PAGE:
War. The rangers arrived at the spot after the engagement and
helped bury the five men who were killed.

Lincoln told Noah Brooks, one of his biographers, that he
"remembered just how those men looked as we rode up the little
hill where their camp was. The red light of the morning sun was
streaming upon them as they lay, heads toward us, on the ground.
And every man had a round, red spot on the top of his head about
as big as a dollar, where the redskins had taken his scalp. It
was frightful, but it was grotesque; and the red sunlight seemed
to paint everything all over."

Lincoln paused, as if recalling the vivid picture, and added,
somewhat irrelevantly, "I remember that one man had on buckskin

Always indifferent in matters of dress, Lincoln cut but small
figure in social circles, even in the earliest days of Illinois.
His trousers were too short, his hat too small, and, as a rule,
the buttons on the back of his coat were nearer his shoulder
blades than his waist.

No man was richer than his fellows, and there was no aristocracy;
the women wore linsey-woolsey of home manufacture, and dyed them
in accordance with the tastes of the wearers; calico was rarely
seen, and a woman wearing a dress of that material was the envy
of her sisters.

There being no shoemakers the women wore moccasins, and the men
made their own boots. A hunting shirt, leggins made of skins,
buckskin breeches, dyed green, constituted an apparel no maiden
could withstand.

One man who knew Lincoln at New Salem, says the first time he saw
him he was lying on a trundle-bed covered with books and papers
and rocking a cradle with his foot.

The whole scene was entirely characteristic--Lincoln reading and
studying, and at the same time helping his landlady by quieting
her child.

A gentleman who knew Mr. Lincoln well in early manhood says:
"Lincoln at this period had nothing but plenty of friends."

After the customary hand-shaking on one occasion in the White
House at Washington several gentlemen came forward and asked the
President for his autograph. One of them gave his name as
"Cruikshank." "That reminds me," said Mr. Lincoln, "of what I
used to be called when a young man--'Long-shanks!'"

Governor Blank went to the War Department one day in a towering

"I suppose you found it necessary to make large concessions to
him, as he returned from you perfectly satisfied," suggested a

"Oh, no," the President replied, "I did not concede anything. You
have heard how that Illinois farmer got rid of a big log that was
too big to haul out, too knotty to split, and too wet and soggy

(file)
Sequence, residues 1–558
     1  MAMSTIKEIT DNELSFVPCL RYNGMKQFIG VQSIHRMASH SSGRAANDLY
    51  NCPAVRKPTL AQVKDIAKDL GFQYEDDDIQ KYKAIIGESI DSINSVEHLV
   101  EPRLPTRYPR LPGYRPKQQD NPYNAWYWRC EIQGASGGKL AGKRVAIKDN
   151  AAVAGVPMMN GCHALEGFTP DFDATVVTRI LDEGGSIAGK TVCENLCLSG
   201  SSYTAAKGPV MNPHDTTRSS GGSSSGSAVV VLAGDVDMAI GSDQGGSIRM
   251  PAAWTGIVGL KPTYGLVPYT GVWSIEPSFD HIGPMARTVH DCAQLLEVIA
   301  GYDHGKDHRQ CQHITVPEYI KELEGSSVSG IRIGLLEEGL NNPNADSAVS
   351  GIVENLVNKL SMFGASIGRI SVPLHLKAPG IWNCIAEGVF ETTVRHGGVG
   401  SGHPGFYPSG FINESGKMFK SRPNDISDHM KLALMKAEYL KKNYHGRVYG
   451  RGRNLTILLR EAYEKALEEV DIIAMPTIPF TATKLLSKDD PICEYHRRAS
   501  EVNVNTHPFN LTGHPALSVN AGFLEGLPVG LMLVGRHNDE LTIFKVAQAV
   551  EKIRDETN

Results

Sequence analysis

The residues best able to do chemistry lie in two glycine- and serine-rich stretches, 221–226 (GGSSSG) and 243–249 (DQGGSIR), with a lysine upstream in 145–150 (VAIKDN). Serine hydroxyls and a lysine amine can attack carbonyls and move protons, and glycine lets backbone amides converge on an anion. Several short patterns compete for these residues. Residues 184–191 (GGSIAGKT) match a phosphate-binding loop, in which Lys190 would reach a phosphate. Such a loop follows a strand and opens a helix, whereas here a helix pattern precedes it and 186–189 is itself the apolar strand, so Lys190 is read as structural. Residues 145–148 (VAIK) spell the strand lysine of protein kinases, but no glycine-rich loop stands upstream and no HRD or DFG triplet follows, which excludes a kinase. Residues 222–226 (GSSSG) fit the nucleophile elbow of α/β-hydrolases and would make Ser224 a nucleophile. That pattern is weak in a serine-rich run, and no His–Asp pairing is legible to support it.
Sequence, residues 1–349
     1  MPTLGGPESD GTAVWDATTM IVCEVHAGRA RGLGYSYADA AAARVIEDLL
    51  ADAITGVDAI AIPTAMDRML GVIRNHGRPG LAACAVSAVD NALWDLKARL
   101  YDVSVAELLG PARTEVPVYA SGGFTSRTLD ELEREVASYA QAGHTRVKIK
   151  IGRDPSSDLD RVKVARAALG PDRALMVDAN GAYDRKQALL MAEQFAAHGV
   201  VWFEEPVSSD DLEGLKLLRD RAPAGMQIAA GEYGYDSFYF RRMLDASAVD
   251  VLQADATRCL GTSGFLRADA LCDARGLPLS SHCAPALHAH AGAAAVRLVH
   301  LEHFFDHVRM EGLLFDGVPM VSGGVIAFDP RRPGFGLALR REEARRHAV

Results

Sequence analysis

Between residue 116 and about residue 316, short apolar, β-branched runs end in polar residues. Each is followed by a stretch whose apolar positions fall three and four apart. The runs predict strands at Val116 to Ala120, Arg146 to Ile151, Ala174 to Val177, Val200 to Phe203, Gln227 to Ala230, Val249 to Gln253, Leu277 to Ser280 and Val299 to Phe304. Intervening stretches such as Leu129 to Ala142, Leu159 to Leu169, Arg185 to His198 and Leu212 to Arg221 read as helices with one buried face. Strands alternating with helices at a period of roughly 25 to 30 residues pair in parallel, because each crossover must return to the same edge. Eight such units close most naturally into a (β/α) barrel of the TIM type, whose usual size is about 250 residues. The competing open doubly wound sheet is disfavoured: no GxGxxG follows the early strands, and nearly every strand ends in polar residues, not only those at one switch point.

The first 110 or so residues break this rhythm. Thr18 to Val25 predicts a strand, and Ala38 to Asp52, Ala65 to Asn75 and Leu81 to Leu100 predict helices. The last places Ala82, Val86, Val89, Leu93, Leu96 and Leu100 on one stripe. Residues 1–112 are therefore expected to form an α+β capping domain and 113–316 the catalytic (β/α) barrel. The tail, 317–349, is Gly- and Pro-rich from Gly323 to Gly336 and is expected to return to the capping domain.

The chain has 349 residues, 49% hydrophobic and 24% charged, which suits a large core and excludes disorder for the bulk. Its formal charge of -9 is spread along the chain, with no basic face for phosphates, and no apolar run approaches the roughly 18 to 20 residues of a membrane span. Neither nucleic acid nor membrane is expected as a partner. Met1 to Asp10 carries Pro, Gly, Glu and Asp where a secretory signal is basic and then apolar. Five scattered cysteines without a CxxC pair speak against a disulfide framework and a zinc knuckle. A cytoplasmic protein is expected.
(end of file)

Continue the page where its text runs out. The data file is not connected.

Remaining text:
to burn.

"'Well, now,' said he, in response to the inquiries of his
neighbors one Sunday, as to how he got rid of it, 'well, now,
boys, if you won't divulge the secret, I'll tell you how I got
rid of it--I ploughed around it.'

"Now," remarked Lincoln, in conclusion, "don't tell anybody, but
that's the way I got rid of Governor Blank. I ploughed all round
him, but it took me three mortal hours to do it, and I was afraid
every minute he'd see what I was at."

During a public "reception," a farmer from one of the border
counties of Virginia told the President that the Union soldiers,
in passing his farm, had helped themselves not only to hay, but
his horse, and he hoped the President would urge the proper
officer to consider his claim immediately.

Mr. Lincoln said that this reminded him of an old acquaintance of
his, "Jack" Chase, a lumberman on the Illinois, a steady, sober
man, and the best raftsman on the river. It was quite a trick to
take the logs over the rapids; but he was skilful with a raft,
and always kept her straight in the channel. Finally a steamer
was put on, and "Jack" was made captain of her. He always used to
take the wheel, going through the rapids. One day when the boat
was plunging and wallowing along the boiling current, and
"Jack's" utmost vigilance was being exercised to keep her in the
narrow channel, a boy pulled his coat-tail and hailed him with:

"Say, Mister Captain! I wish you would just stop your boat a
minute--I've lost my apple overboard!"

Mr. Lincoln prepared his first inaugural address in a room over a
store in Springfield. His only reference works were Henry Clay's
great compromise speech of 1850, Andrew Jackson's Proclamation
against Nullification, Webster's great reply to Hayne, and a copy
of the Constitution.

When Mr. Lincoln started for Washington, to be inugurated, the
inaugural address was placed in a special satchel and guarded
with special care. At Harrisburg the satchel was given in charge
of Robert T. Lincoln, who accompanied his father. Before the
train started from Harrisburg the precious satchel was missing.
Robert thought he had given it to a waiter at the hotel, but a
long search failed to reveal the missing satchel with its